Tommy Ray Jackson, 43, was executed by lethal injection on 4 May 2000 in Huntsville, Texas, for the abduction, rape, robbery, and murder of a 24-year-old woman.
Late one night in November 1983, Jackson, then 27, and James Clary, 28, abducted Rosalind Robison from a college campus in Austin. Taking her car -- a white Oldsmobile Delta 88 -- they forced her to withdraw money from a bank teller machine. They then drove north. While Clary was at the wheel, Jackson raped Robison in the back seat. When they arrived at a rural location, Clary raped her. Jackson then shot Robison once in the head with a .25-caliber pistol and covered her body with gravel. The men then fled the scene in her car.
Jackson was arrested four days later, driving the victim's car. He had a checkbook containing the victim's ATM card in his posession. The bank informed investigators that on the night of the murder, at 11:39 p.m., the card was used to withdraw $50 from a bank machine in Austin. Pubic hairs found on the back seat of the car matched Jackson, and Jackson's fingerprints were found on Robison's personal effects.
An acquaintance of Jackson and Clary led investigators to the murder weapon.
Robison's body was discovered about a month later. She had been shot "execution style" -- in close range, in the back of her head, kneeling and with her hands tied behind her back. Pubic hair recovered from her undergarments matched Jackson.
At Jackson's trial, Clary testified that he used Jackson's name in front of Robison, and that's why Jackson killed her.
Another acquaintance of Jackson and Clary said that Jackson -- who didn't own a car -- gave her a ride in a white Oldsmobile the day after the murder. She also said that she noticed a woman's purse in the car, and that Jackson tried to give a woman's watch to her sister. The sister testified and corroborated the statement about the watch, and also said that she had witnessed Clary in the possession of a small handgun. The passenger who was with Jackson when he was arrested testified that when she first met Jackson he had no car, but that three days later, he was driving the white Oldsmobile.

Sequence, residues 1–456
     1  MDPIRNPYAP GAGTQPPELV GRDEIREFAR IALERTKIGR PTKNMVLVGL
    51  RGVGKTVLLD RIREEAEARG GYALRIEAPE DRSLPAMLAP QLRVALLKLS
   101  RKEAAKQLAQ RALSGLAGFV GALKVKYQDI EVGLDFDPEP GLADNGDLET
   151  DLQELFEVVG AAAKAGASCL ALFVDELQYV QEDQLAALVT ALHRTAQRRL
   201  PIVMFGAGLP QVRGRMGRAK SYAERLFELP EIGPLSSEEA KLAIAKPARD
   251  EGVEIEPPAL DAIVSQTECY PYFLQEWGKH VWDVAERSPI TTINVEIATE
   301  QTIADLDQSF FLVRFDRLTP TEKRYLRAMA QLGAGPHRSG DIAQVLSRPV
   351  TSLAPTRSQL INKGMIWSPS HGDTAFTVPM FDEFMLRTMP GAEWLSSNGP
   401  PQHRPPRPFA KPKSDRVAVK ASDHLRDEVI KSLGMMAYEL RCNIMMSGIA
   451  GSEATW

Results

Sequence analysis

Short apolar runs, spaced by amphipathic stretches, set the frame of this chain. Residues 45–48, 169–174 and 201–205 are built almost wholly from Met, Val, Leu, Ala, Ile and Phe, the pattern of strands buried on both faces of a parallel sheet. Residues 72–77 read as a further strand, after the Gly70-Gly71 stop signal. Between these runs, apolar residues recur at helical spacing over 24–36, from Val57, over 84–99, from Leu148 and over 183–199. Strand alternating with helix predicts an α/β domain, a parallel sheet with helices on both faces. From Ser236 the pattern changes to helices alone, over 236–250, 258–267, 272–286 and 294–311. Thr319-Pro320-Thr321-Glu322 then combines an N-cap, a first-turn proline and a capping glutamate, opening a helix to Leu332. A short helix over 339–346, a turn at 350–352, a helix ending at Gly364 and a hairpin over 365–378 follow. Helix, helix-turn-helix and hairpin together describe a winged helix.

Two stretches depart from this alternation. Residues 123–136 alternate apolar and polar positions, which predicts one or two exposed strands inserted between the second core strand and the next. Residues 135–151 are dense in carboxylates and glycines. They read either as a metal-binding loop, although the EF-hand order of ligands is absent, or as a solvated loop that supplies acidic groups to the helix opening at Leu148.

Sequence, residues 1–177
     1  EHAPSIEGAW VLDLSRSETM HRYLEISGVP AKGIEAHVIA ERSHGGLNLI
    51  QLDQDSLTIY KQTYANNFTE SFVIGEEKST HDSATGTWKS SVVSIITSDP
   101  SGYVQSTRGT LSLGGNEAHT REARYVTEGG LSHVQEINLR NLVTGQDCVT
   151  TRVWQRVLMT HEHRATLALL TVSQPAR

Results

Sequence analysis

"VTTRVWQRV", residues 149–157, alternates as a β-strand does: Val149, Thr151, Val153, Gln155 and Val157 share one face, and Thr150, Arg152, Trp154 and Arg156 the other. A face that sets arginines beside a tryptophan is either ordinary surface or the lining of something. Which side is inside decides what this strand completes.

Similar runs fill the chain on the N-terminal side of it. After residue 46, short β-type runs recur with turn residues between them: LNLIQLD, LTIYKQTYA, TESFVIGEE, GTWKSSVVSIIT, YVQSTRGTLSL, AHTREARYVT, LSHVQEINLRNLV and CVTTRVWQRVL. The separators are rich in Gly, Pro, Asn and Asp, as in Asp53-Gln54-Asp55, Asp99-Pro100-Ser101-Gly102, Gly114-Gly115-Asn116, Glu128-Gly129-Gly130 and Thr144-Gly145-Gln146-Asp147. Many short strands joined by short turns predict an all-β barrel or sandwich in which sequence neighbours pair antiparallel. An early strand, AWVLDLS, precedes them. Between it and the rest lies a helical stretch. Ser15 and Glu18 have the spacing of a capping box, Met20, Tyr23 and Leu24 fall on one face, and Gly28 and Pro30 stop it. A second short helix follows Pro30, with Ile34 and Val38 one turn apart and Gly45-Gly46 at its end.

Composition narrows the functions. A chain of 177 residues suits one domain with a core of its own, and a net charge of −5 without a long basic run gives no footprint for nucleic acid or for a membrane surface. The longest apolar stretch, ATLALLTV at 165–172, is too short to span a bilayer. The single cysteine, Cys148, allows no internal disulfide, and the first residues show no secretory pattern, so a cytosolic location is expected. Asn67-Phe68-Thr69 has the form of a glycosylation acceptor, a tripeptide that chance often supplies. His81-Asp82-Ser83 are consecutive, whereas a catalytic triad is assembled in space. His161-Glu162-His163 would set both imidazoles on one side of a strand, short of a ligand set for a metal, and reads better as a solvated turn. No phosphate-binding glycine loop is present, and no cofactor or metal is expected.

Jackson had previously been convicted of bank robbery and served 3 years of a 10-year federal sentence. He also served one year of a 4-year sentence for burglary of a vehicle.
A jury convicted Jackson of capital murder in December 1984 and sentenced him to death. The Texas Court of Criminal Appeals affirmed his conviction and sentence in February 1988. All of his subsequent appeals in state and federal court were denied.
James Otis Clary pled guilty to murder and received a life sentence.
At his execution, Jackson used his last statement to proclaim his innocence: "Ros was a personal friend of mine. She was a beautiful person, very educated ... I left the scene of where the incident happened ... I cannot show no remorse for something that I did not do. I am at peace, please believe me. Wherefore, I figure that what I am dying for now is what I have done in my past. This is what I am dying for. Not for killing Rosalyn. I don't know what ya'll call her but I call her Ros, I call her Ros. That's it."
By David Carson. Posted on 4 April 2002.
Sources: Texas Department of Criminal Justice, Texas Attorney General's office, court documents.